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Guidance on Use and Selection of Cloud Services

‘Cloud services’ is a general term for anything that involves delivering hosted services over the Internet. Many users will have encountered the Cloud as a way of storing their information remotely (e.g. iCloud, Dropbox, Google Docs). The term ‘Cloud’ was inspired by the cloud symbol that's often used to represent the Internet in flowcharts and diagrams.

Cloud services offer benefits including cost reduction, flexibility of scale and remote access. However, users need to consider the data privacy and legal compliance risks associated with the use of Cloud services for processing University data relating to individuals, or which is commercially sensitive.

The University recognises that failure to adhere to its legislative, regulatory and contractual obligations may result in significant financial and legal penalties and reputational damage. With respect to information relating to individuals as covered by the Data Protection Act 1998, the Information Commissioner’s Office can issue a monetary penalty up to £500, 000 if it were determined that the University did not take reasonable steps to secure personal information or acted in such a way as to knowingly put information security at risk. Responsibility for ensuring appropriate use of Cloud services in accordance with relevant legislation and University policies lies with individuals managing, procuring or overseeing any services.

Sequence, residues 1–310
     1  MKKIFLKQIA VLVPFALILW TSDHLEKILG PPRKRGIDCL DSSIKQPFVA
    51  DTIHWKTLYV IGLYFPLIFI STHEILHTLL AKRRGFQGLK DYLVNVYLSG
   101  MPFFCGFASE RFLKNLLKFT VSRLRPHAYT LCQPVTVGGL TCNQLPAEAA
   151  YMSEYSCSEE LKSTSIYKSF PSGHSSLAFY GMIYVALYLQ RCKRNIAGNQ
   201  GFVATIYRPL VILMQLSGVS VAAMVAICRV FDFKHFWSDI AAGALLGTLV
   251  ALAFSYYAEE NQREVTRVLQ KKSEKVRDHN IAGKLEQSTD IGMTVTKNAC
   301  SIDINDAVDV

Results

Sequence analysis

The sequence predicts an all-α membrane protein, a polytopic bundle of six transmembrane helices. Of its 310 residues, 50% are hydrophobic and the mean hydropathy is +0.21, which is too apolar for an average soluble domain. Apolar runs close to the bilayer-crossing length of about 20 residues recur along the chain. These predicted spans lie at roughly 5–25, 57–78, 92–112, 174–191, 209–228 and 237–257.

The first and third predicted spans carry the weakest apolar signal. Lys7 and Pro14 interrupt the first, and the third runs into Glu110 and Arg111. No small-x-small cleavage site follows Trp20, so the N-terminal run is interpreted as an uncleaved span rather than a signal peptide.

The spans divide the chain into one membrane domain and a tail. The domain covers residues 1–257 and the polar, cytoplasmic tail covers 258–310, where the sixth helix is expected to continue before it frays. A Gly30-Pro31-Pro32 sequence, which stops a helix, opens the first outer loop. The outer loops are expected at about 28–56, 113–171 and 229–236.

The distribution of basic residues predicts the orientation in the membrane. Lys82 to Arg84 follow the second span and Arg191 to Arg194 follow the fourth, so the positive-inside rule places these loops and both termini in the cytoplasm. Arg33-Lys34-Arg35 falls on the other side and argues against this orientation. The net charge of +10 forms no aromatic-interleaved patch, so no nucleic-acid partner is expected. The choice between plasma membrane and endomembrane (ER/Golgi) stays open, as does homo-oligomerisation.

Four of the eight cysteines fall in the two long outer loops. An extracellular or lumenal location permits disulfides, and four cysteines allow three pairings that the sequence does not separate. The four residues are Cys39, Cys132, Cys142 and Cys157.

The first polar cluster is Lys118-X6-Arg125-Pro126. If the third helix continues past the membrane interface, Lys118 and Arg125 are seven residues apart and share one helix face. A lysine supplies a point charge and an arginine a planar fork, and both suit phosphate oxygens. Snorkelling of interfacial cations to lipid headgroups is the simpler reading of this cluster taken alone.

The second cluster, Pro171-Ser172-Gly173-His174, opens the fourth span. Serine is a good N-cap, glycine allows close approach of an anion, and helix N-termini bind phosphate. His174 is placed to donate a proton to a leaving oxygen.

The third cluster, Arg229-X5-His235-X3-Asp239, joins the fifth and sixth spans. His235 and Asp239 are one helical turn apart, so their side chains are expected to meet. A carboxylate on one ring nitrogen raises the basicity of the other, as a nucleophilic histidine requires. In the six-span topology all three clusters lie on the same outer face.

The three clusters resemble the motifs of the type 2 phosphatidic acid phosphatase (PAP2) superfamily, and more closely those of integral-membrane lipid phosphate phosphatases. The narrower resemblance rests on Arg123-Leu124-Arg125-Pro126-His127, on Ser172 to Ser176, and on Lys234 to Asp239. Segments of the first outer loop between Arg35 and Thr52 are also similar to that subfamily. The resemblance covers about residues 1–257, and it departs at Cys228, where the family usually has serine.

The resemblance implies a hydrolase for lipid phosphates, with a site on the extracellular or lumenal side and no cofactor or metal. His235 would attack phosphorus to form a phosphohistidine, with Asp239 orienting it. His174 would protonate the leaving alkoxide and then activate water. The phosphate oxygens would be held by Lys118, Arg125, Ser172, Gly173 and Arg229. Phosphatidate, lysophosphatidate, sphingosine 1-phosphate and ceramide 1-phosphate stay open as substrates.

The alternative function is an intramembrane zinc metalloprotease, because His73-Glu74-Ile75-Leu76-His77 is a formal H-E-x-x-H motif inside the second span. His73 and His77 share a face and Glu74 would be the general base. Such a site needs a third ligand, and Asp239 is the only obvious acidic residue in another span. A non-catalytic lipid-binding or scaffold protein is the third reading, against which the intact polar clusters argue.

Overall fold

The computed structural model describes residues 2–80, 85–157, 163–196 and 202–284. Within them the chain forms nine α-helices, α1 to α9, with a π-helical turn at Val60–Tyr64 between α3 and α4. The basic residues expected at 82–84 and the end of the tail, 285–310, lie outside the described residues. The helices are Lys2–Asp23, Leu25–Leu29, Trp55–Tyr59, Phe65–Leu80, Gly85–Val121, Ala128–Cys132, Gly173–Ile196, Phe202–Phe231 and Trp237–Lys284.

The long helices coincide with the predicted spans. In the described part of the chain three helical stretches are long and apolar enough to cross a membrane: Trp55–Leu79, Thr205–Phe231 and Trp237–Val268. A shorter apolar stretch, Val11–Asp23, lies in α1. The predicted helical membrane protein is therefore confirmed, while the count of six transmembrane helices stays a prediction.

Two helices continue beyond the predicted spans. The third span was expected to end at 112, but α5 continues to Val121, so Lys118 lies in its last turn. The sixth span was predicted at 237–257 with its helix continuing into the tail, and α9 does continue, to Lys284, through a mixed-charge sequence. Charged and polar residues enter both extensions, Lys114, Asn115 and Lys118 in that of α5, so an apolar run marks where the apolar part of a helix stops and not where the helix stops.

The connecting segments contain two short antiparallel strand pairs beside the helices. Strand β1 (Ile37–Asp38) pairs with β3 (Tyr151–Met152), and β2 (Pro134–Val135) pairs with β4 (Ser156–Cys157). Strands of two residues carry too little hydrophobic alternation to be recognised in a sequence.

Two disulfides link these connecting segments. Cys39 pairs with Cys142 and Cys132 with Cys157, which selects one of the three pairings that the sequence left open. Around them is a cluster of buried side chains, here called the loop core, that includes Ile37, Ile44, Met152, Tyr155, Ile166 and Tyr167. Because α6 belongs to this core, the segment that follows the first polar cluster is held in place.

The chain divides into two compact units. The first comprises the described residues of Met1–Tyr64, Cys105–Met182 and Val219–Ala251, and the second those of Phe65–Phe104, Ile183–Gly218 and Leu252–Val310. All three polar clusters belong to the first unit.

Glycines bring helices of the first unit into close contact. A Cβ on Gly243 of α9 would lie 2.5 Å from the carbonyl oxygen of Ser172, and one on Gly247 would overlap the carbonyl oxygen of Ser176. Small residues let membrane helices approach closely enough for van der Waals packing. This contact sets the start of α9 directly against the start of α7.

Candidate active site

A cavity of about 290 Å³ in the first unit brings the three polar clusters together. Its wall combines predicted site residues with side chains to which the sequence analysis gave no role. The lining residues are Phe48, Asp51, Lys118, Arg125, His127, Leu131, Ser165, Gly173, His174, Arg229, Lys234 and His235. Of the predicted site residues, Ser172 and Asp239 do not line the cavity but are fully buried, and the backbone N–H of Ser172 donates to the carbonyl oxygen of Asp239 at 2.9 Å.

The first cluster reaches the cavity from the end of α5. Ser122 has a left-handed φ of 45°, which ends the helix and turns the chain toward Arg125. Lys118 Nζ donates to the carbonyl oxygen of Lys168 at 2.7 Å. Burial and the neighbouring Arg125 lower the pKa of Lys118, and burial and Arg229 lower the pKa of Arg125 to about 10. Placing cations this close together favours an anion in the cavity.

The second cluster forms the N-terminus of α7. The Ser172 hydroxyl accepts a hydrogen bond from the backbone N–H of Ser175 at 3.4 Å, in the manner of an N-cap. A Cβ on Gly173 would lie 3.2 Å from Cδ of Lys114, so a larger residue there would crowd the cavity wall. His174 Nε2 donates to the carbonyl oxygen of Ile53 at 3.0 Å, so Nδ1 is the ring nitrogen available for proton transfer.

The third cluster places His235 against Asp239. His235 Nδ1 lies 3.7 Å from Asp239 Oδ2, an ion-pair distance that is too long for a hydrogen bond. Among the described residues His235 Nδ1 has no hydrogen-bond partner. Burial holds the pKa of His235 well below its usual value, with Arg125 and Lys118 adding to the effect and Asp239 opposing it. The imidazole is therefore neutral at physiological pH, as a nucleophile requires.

The following steps should be undertaken when choosing to use cloud services for storing, processing and/or sharing University information:

  1. Identify the class of information you wish to store, process and/or share using cloud resources or services using the University Information Classifications.
  2. Refer to the guidance table to see which types of cloud service is appropriate for that type of information.
  3. Research possible services or providers taking into account the considerations set out in the Due Diligence Section in Annex A of the guidance.
    Outside of the legal requirements set out around confidentiality and data protection, the decision of one service over another rests on the suitability to deliver the service and performance needed to achieve your purpose. Some partner organisations or research funders may stipulate specific storage and access requirements for their information and it is important that these considerations are taken into account when deciding which service or provider to use. Failure to adhere to these obligations could result in legal or financial penalties, as well as potential reputational damage for the University.
  4. Undertake due diligence with the Institutional Resilience Team and the Purchasing Team as part of the standard procurement process . This process will vary depending on the cost of the service and the sensitivity of the University information to be stored, processed and/or shared via the cloud service.
    You should perform the same steps and seek the same due diligence even if your preferred service is delivered free of charge.



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